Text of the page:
Muslims receive full solidarity from UK community

Mosques across the U.K. were strewn with flowers in a show of solidarity with Muslims in the wake of deadly terror attacks in New Zealand.

A bouquet of flowers was seen at the front door of the Finsbury Park Mosque in north London, a clear sign that the mass shooting which killed at least 49 Muslims had affected people from other faiths too.

"In memory of all those who died in the Christchurch mosque attacks. May they rest in eternal peace," a note on the flowers by Patrick read.

A gunman opened fire on worshippers during Friday prayers at the Al Noor and Linwood mosques in Christchurch, New Zealand.

Members of interfaith groups visited the mosques across London as the Metropolitan Police tightened security measures around the buildings.

A vigil held outside Finsbury Park metro station saw the attendance of representatives and members of Christian, Jewish, Hindu and other faiths.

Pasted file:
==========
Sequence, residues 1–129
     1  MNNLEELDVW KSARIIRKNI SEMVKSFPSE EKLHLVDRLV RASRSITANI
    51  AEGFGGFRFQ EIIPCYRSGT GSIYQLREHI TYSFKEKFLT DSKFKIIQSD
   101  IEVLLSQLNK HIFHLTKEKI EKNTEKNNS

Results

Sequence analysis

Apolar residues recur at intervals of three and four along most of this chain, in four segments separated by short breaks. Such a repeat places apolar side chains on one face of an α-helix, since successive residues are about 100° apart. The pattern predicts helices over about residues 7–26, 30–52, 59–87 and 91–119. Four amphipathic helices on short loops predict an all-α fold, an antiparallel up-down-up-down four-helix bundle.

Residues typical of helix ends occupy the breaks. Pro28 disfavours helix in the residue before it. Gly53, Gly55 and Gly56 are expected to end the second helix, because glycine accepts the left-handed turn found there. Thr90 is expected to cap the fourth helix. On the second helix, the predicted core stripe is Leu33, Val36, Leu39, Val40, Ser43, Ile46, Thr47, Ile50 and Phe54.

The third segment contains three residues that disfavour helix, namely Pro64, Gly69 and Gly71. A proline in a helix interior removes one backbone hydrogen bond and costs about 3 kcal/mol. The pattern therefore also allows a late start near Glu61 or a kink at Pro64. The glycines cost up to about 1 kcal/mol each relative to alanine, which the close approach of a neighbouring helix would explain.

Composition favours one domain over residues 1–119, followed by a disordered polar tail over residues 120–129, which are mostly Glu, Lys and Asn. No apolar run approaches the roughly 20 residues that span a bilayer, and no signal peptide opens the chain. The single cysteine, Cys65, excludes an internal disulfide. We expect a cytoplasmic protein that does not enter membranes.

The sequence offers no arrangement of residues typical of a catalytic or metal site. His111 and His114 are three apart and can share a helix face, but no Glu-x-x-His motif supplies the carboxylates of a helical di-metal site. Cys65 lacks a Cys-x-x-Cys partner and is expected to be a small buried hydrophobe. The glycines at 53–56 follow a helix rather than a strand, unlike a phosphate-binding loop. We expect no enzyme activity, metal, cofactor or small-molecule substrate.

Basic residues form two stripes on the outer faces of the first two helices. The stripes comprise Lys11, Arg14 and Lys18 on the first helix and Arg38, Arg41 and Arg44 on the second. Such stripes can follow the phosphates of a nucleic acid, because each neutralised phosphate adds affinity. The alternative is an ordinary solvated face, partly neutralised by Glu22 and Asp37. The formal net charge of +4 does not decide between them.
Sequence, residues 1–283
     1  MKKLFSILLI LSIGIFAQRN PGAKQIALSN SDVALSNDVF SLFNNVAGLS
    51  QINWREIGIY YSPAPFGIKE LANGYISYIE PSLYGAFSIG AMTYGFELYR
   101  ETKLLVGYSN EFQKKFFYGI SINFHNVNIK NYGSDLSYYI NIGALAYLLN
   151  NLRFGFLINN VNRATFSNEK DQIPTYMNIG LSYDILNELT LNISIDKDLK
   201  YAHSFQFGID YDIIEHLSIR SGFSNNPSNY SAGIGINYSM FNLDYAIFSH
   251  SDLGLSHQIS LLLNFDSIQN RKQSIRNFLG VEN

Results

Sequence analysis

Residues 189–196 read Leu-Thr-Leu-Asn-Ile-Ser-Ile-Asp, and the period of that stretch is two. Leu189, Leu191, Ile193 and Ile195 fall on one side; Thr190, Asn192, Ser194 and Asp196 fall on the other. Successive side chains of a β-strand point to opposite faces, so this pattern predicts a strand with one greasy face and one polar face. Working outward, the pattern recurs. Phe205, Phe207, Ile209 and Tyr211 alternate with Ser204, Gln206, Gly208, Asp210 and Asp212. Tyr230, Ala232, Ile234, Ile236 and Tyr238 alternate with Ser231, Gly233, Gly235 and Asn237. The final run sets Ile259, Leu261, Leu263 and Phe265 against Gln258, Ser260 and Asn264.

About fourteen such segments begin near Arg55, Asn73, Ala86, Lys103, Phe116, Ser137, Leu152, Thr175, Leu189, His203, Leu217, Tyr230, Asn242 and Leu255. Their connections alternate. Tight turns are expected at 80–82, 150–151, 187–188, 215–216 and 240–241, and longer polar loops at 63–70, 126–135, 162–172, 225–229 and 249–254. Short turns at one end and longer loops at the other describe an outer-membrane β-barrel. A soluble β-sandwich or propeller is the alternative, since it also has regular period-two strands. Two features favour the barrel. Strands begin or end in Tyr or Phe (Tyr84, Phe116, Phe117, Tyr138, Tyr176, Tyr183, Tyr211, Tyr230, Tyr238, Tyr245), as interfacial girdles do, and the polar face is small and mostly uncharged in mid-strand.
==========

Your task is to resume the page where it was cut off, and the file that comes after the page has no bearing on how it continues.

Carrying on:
The Finsbury Park Muslim Welfare Centre itself was a scene of a terror attack on Muslims in 2017 as a far right terrorist ploughed into a group of worshippers, killing a Muslim man and injuring more than 10 others.

Sarah Mullally, the Bishop of London, and Rev. Alan Green, chair of the Tower Hamlet Interfaith Forum, attended vigils held in Muslim centres.

In a similar gesture, tulips were handed out to Muslims arriving at Birmingham Central Mosque for Friday prayers by non-Muslim members of the community.

A group of volunteers on behalf of the Riverside Church in Moseley handed out flowers in a heartwarming gesture of solidarity, according to a report by local Birmingham Mail newspaper.

Members of the Birmingham Faith Leaders' Group also attended the service held to commemorate the New Zealand massacre victims.

Also on Friday, the U.K.'s Board of Deputies of British Jews said they "are horrified by this sickening terrorist attack against Muslims at mosques in New Zealand."

"To the victims, the survivors, and their families, together with Muslims around the world who have been targets of rising hatred, whipped up by media hostility, we express our absolute and resolute solidarity," the Jewish board said in a statement.

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